FEMMILLENNIAL and Post Pandemic Female Dance Production

FEMMILLENNIAL is a contemporary dance theatre work by Choreographer Kylie Thompson that premiered at the 2022 Toronto Fringe Festival. The full-length (55 minute) production is a stand alone show exploring the modern fem persona.


An evolution and expansion from Thompson’s 2019 work entitled “Oh, Yes”, FEMMILLENNIAL has been in development for 3 years. “It has sort of a quirky lens”, which is used to portray a journey through which the fem protagonists attempt to escape the inner female voice, explains Thompson. The cast includes three dancers, Claire Whitaker, Kiera Breaugh, and Dana Macdonald.

The show starts with the three dancers sitting a part in chairs spaced along the stage floor. They are upright and poised, occasionally adjusting their hair and collared shirts, and smiling at the audience. When the music begins, the three dancers melt out of their chairs and begin moving in bizarre, almost uncomfortable looking ways. The show continues like this, with the dancers seeming to struggle against the restriction of the collared blouses they adorn. Their movements become more fluid and free when those shirts are taken off.

Near the end, Breaugh performs a solo monologue about discovering what it means to be a woman, using spoken word to highlight the tiresome nature through which this identity has been claimed (and misrepresented) in the past. She appears frustrated and once again melts out of her chair to the dance floor, before another erratic and emotional dance sequence begins and the shirts are once again removed.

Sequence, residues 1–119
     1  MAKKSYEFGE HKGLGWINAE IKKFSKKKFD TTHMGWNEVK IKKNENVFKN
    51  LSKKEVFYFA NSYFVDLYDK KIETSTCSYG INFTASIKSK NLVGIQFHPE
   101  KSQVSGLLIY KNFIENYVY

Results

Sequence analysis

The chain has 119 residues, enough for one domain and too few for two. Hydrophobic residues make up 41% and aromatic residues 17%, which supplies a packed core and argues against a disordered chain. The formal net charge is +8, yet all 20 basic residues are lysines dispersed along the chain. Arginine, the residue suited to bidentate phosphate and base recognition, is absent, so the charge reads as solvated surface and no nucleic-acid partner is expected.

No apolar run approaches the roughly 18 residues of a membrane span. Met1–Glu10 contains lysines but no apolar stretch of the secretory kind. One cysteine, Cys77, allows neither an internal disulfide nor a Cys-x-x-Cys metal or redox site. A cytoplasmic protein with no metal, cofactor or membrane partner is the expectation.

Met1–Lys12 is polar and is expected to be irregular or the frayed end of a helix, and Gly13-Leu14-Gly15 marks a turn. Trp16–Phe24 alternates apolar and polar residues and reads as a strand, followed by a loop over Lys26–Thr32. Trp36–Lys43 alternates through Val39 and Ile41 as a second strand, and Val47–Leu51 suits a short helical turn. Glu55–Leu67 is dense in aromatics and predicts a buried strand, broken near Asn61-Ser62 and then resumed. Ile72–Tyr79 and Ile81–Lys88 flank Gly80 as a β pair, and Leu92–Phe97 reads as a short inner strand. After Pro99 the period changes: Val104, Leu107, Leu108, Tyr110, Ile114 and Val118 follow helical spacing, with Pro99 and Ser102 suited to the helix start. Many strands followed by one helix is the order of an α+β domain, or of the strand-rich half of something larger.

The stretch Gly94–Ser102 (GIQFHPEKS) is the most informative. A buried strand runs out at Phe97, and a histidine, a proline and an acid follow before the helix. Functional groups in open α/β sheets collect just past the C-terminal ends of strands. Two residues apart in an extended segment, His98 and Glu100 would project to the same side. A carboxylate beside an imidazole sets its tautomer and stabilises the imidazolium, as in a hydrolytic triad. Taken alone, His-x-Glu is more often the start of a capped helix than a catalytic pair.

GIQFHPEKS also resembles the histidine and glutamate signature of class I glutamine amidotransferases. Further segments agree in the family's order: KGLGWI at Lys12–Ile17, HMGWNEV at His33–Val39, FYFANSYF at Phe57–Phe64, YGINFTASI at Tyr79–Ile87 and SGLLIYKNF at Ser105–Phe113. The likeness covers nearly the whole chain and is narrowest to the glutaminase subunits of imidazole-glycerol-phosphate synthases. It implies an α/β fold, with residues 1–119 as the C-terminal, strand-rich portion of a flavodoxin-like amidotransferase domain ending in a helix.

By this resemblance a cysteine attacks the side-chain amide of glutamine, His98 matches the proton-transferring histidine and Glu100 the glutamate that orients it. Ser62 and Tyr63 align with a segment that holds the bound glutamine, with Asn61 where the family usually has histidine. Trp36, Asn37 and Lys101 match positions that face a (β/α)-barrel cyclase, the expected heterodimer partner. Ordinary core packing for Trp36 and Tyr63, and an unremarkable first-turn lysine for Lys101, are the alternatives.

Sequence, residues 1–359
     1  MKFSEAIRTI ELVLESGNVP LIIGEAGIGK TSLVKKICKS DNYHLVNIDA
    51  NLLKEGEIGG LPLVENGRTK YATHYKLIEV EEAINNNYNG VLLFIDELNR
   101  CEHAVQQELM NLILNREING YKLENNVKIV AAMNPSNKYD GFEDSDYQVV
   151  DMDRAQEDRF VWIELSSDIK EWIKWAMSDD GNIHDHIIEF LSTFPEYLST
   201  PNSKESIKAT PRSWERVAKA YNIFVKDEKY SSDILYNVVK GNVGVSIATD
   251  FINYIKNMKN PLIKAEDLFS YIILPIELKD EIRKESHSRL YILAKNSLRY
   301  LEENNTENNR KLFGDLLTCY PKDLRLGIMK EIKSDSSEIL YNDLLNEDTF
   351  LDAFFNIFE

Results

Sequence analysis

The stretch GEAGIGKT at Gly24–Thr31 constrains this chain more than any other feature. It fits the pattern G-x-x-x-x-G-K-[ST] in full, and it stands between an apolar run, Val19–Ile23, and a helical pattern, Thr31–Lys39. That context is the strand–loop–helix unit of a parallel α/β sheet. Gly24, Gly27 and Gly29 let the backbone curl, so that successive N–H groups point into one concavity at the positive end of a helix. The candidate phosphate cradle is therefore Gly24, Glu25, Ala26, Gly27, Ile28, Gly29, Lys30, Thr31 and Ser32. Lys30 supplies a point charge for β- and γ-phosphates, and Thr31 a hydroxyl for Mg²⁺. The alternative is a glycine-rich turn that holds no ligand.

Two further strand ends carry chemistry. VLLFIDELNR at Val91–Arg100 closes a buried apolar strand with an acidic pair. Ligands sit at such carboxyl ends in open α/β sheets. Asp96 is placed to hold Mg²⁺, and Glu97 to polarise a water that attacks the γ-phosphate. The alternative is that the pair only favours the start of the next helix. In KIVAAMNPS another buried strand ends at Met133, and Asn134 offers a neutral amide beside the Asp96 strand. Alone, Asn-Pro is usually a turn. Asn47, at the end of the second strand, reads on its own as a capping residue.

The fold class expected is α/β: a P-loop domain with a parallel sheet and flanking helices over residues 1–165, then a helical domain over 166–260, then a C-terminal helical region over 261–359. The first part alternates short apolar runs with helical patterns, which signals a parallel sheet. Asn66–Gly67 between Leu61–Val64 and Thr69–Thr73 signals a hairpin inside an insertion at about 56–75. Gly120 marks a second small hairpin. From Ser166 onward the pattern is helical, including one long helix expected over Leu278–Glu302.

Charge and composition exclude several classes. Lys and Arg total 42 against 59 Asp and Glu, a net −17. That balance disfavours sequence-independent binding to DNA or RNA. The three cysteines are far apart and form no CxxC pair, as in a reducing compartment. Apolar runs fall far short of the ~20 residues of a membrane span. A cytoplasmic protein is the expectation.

​​Thompson says she saw the Fringe Festival as an opportunity to see [her original] vision for this emotional show through to its full manifestation, and she couldn’t be happier with the outcome. As for the process of getting it to this point, she explains that the isolation of the pandemic made it difficult.

“So much has shifted in our community and industry since [the pandemic],” says Thompson. Only now are things starting to flow again.

“I’m hoping that this production, which feels like an expose (a “here I am” piece), will make a statement to the community. I’m still here, I’m still making art. And hopefully other companies will be interested in working with me after this production,” says Thompson.

“I just have to try to cut myself a break and find ways to keep producing my art. And I think that’s what the Fringe Festival is all about— Indie theatre production. It’s such a great platform for artists and It’s nice to see such a large portion of the population working towards alternative methods of art creation.”